Mass vaccination of cattle needed to tackle lumpy skin disease in India: Indian American veterinary
The Indian Express | 2 days ago | 07-08-2022 | 11:50 am
The Indian Express
2 days ago | 07-08-2022 | 11:50 am

An Indian American veterinary doctor has called for mass vaccination of cattle and immediate restriction on their inter-district movement to prevent the spread of lumpy skin disease in India.More than 3,000 cattle in Rajasthan and Gujarat and over 400 in Punjab have died due to the disease.Members of the Rajasthan Association of North America (RANA) have galvanised themselves over the past few days to extend support the farmers in their home state in their efforts to save cattle from the disease.Mass vaccination of cattle and putting an immediate stop on their inter-district movement are the two major steps that are needed to prevent any further spread of the deadly disease, Ravi Murarka, President of the American Association of Veterinarians of Indian Origin told PTI on Saturday.Murarka, who hails from Rajasthan, is also the chairman of the animal welfare community of RANA.Describing the outbreak of the disease during the monsoon season as a “perfect storm”, Murarka said talks have been initiated with experts on how to tackle the disease and send relevant vaccines to India at a quick notice.“The situation is very serious in Rajasthan right now,” Murarka said, adding that the death of cows on a mass scale would have a devastating impact on the farmers and economy.“It’s important to control mosquitoes or keep the vector away from susceptible animals. Animals at risk should keep indoors at night to be away from mosquitoes. Avoid any transportation of animals at night. Brushing animals at risk with lime, quicklime or slaked lime that forms a layer on skin and decreases the ability of mosquitoes to reach the skin is advisable,” he said.“I think, if we follow these measures, maybe it will be help to control the disease,” Murarka said.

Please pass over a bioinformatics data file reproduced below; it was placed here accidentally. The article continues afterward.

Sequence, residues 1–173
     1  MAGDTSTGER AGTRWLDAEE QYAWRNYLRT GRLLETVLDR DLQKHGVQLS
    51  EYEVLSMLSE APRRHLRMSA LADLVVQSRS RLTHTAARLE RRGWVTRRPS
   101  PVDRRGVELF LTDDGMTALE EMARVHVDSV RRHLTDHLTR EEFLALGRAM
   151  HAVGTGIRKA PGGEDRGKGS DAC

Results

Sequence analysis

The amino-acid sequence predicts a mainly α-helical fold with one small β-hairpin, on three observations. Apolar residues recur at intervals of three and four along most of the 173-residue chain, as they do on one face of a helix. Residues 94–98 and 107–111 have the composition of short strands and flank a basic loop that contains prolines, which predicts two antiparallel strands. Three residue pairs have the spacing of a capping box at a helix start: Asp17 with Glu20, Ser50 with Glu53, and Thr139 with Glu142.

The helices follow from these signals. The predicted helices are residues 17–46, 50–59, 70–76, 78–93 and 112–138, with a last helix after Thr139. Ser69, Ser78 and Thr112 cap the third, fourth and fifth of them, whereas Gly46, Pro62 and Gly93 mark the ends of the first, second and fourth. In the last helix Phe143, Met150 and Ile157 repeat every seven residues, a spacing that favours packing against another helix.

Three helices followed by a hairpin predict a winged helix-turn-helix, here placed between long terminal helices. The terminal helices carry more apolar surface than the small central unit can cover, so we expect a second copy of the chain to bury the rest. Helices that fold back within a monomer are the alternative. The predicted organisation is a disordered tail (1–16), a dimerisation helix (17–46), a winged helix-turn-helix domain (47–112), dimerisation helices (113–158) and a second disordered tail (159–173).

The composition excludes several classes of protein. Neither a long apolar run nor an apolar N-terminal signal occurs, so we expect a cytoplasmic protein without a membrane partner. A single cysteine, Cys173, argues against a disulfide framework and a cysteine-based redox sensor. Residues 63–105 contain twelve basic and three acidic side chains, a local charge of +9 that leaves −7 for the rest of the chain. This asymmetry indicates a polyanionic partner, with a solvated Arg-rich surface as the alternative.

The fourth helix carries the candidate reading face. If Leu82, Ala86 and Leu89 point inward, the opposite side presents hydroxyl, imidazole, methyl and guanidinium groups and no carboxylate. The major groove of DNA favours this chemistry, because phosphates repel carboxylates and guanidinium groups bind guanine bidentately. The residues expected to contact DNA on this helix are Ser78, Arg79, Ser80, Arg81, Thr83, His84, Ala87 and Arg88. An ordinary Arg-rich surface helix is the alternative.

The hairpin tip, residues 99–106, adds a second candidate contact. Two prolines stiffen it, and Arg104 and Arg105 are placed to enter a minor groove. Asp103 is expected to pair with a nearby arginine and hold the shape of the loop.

Mass vaccination of cattle needed to tackle lumpy skin disease in India: Indian American veterinary